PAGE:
First of all, even though they're ancient old dames, these are fancy horses.
|Merrygold, stylin' in her new Christmas blanket|
|M'Lady on Merrygold and|
FarmGirl on Roxie
|M'Lady and Merrygold on a spring mountain ride.|
I took the picture. :)
Merrygold is a registered Tennessee Walking Horse. Walking Horses originated during the slavery days in the south. The plantation overseers would have to ride many miles each day, checking the thousands of acres of fields. Regular horses have only 3 gaits - walk (slow), trot (faster, but very uncomfortable for the rider and tiring for the horse), and canter or lope (fast, but tiring for the horse and rider). So, the only way to travel all day was either at a walk or a slow trot. This wore the rider out, because trotting jars the rider's bones. Somebody along the way bred horses to travel faster and more comfortably, and they came up with these wonderful Walking Horses. They have an extra gait, called a "running walk." It's a 1-2-3-4-1-2-3-4 beat, with only 1 hoof on the ground at a time, and the horse can walk faster than a trot all day long (5-7 mph). The rider never gets worn out, and he's able to get where he needs to go! People who used Walking Horses in those days were traveling salesmen, doctors and itinerant ministers - anyone who needed to ride long distances.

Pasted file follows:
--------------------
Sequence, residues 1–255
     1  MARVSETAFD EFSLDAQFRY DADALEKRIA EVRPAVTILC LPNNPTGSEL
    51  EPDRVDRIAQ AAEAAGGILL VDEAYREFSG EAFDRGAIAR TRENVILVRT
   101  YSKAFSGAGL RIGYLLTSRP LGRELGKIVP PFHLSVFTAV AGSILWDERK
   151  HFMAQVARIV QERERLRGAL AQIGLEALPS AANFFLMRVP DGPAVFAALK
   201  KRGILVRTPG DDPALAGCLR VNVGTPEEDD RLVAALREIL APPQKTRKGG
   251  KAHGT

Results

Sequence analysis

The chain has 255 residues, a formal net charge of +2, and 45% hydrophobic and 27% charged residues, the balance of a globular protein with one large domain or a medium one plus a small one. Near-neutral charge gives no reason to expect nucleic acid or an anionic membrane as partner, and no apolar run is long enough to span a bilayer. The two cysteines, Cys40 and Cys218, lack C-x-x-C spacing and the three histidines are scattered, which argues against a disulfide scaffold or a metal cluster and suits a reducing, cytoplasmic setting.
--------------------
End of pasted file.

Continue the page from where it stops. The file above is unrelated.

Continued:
So, that's it for the horses. They're not good for much of anything. Oh, well, I guess M'Lady uses them when she's checking the cattle up at the ranch. Huh. I guess they are good for something more than pasture ornaments.
* "hand" is the term used for measuring the height of a horse, and represents the width of a man's hand. There are 4" to a hand, and horses average around 15 - 15.2 hands. If you hear that a horse is 15.1 hands, then it's 15 hands plus 1 inch, or 61" tall. The measurement is taken at the horse's wither - the high point of the shoulder. So, if Roxie is 16 hands, it's 5'4" at the shoulder, which is a tall horse. :)